The Guernsey Literary & Potato Peel Pie Society
The Guernsey Literary and Potato Peel Pie Society by Mary Ann Shaffer & Annie Barrows
Reviewed by Sally Shaw
The Guernsey Literary and Potato Peel Pie Society (Bloomsbury 2008) a story told over a period of nine months that uncovers life stories. Through letters of correspondence between the protagonist, Juliet Ashton, her publisher, members of The Guernsey Literary and Potato Peel Pie Society and other residents of the island of Guernsey, a story of the German occupation (30th June 1940 - 9th May 1945) is told.
Juliet Ashton is a writer living in London during World War Two, she writes a column for the Spectator under the pseudonym Izzy Bickerstaff and once the war ends Izzy Bickerstaff Goes to War is published by Stephens & Stark. The story begins with Juliet writing to her publisher, Sidney Stark about going on tour to promote her new book, and to inform him she no longer wants to write the new book she has in mind. Sidney is a friend as well as her publisher and brother to her best friend Sophie of whom she has known since boarding school. Juliet’s parents died when she was twelve and her uncle couldn’t cope so sends her to boarding school. I found that the first five pages I was unsure of the letter format and I felt the setting was too upper class for me.
I’m pleased I continued to read. The next letter was to Juliet from Dawsey Adams.
‘From Dawsey Adams, Guernsey, Channel Islands, to Juliet
Miss Juliet Ashton
81 Oakley Street
Dear Miss Ashton,
My name is Dawsey Adams, and I live on my farm in St Martin’s Parish, Guernsey. I know of you because I have an old book that once belonged to you – The Selected Essays of Elia, by an author whose name in real life was Charles Lamb. Your name and address were written inside the front cover.’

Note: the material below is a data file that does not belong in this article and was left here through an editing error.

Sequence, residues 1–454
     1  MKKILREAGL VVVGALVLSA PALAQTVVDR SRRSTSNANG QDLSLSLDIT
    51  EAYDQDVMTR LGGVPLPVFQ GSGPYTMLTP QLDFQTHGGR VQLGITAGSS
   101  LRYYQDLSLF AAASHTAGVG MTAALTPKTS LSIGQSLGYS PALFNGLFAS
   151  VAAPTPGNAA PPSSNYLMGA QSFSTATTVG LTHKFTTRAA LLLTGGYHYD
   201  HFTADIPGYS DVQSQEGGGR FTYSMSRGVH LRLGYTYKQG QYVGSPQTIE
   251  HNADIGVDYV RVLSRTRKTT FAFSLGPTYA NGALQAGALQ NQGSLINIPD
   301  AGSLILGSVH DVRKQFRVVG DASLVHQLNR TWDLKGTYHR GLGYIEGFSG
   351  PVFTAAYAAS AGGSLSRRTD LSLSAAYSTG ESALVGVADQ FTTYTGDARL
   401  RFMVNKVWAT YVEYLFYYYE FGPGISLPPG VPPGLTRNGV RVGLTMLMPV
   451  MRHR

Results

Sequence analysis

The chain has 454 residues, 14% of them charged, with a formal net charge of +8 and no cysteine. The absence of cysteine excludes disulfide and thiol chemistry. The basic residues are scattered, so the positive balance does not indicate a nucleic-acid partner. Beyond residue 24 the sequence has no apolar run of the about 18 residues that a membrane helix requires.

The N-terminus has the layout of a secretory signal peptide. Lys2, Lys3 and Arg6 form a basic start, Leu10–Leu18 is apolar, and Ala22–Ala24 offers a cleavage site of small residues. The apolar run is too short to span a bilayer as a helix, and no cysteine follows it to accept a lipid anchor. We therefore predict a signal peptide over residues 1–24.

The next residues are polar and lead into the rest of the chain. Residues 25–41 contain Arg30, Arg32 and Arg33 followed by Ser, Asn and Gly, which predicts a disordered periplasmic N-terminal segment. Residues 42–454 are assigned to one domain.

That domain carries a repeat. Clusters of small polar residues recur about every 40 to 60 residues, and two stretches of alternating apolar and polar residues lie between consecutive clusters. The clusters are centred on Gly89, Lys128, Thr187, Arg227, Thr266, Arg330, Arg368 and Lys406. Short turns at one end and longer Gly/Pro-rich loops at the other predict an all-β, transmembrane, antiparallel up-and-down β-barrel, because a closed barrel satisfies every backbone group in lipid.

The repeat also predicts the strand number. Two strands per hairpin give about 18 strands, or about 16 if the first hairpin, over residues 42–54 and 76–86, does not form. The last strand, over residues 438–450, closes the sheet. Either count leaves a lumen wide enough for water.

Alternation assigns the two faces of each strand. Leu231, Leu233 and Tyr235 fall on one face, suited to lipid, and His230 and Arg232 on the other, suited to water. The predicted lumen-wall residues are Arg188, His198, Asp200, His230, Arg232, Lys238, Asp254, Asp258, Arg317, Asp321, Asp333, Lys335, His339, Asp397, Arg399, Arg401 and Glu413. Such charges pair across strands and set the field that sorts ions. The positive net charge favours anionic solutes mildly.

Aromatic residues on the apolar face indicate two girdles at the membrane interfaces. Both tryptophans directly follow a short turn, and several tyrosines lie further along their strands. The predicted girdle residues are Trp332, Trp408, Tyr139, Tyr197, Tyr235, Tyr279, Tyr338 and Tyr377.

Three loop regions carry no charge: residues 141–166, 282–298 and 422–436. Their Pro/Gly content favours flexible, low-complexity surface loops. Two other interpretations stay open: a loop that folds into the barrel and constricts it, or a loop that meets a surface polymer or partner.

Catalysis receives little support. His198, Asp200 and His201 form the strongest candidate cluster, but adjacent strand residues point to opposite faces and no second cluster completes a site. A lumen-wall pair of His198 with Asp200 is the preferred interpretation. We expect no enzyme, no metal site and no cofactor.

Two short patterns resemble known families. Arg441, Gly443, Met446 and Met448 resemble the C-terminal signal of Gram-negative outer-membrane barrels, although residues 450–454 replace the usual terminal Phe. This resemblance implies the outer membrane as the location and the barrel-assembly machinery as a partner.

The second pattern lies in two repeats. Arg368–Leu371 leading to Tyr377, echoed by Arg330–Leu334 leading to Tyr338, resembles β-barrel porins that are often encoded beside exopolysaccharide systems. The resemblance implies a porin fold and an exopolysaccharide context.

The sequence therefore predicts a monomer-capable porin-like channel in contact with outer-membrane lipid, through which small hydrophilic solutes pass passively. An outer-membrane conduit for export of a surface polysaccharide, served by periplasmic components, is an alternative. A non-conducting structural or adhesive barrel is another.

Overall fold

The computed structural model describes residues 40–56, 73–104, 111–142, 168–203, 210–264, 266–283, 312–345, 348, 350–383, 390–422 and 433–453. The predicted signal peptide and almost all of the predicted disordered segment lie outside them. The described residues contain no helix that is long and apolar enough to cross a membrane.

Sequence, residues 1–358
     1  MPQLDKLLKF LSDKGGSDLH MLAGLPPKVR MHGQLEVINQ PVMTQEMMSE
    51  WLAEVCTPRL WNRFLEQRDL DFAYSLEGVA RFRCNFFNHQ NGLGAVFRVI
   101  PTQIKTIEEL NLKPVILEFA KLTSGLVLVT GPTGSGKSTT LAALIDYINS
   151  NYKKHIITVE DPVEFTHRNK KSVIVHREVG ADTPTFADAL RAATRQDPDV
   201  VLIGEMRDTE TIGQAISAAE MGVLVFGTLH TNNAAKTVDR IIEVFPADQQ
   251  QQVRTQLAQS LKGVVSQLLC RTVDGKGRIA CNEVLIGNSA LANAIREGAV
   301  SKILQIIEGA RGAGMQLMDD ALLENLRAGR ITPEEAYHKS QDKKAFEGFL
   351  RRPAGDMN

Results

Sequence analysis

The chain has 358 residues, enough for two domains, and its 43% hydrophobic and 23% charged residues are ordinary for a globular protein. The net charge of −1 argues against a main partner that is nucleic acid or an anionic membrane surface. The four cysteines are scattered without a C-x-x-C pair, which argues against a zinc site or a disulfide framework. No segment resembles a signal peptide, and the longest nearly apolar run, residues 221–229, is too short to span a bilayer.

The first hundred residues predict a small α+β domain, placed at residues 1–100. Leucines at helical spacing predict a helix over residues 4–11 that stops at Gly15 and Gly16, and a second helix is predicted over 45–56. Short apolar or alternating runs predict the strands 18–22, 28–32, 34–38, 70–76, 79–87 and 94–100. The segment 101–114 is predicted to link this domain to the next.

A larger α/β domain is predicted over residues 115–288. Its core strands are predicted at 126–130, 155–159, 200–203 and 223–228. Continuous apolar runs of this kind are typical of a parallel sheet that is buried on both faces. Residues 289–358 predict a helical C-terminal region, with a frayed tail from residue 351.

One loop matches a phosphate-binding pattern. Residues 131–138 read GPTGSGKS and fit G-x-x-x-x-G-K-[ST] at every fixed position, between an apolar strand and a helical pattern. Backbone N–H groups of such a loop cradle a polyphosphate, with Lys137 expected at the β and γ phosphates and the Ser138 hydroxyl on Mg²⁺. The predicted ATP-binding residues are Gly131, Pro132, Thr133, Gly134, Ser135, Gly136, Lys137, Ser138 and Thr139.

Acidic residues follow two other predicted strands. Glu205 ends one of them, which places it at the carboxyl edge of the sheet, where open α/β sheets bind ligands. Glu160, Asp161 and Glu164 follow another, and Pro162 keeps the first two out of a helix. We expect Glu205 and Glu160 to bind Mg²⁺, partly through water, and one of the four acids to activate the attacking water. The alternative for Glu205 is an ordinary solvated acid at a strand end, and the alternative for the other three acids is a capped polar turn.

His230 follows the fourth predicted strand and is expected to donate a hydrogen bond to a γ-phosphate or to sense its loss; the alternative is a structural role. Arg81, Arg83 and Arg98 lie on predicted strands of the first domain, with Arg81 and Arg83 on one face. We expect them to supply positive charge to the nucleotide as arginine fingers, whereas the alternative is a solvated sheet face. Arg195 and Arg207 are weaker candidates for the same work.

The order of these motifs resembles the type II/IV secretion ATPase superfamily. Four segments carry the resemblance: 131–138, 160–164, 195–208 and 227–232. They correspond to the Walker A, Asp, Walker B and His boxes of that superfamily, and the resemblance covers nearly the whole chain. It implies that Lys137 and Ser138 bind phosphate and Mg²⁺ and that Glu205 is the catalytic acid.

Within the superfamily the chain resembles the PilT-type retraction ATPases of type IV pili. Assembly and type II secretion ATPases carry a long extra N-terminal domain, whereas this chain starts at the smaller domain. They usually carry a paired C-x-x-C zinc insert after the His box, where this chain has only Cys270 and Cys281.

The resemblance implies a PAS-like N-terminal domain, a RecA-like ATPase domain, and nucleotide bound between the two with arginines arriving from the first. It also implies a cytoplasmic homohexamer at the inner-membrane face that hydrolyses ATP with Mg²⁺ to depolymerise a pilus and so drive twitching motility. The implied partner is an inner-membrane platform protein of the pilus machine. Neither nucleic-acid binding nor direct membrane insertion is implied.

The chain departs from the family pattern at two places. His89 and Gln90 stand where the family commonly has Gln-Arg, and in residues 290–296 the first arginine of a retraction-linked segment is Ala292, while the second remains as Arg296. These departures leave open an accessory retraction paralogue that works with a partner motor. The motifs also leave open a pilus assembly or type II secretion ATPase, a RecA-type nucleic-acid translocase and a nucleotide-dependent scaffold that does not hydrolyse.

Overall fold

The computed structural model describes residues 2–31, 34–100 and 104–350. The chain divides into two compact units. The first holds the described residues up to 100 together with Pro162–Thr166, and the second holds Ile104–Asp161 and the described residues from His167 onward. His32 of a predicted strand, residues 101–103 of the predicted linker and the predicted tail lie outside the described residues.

Dawsey goes on to say how during the German occupation Lamb’s essays helped him and in particular the one about the roast pig. He explains he is a member of the Guernsey Literary and Potato Peel Pie Society, and it came into being because of a roast pig that had to be kept secret from the German soldiers. Along with this Dawsey asked Juliet if she could help him find more books by Charles Lamb. Juliet answered his letter and asked more questions and so the story suddenly comes alive and fills with characters. As Juliet receives more letters from the islanders, assisting her in writing three newspaper articles, an idea for a new book forms and she goes to Guernsey.
Shaffer’s style of writing is easy to read and by using letters she is able to provide different viewpoints from different characters. Just as you think you know a character for example John Booker, he writes a letter to Juliet and a whole different person is seen. Shaffer writes with care and attention to historical fact of the German occupation. I found at times reading the experiences of Eben, his daughter Jane at times heart breaking. There are characters whom I wanted to slap while others made me laugh Isola being one. This book is so rich in characters, a sense of place both on the island of Guernsey and in German concentration camps that at times it hurt me to read it. The story also shows who the German soldiers were, individuals and that they were not all the same. It tells the impact of their occupation on the people of Guernsey and the people that they brought to the island as well as the effect on them as people not as soldiers.
Shaffer’s story telling creates a questioning that goes on after the story ends. I think it is this that makes this book special. It was a pleasure to read this book, not easy to read the words that spoke the truth at times but we must never forget what happened during and after the German occupation of Guernsey.
This book tells the beautiful story of being human and the influence one person who is beautiful enough to care has on others and the effect that had on the individual.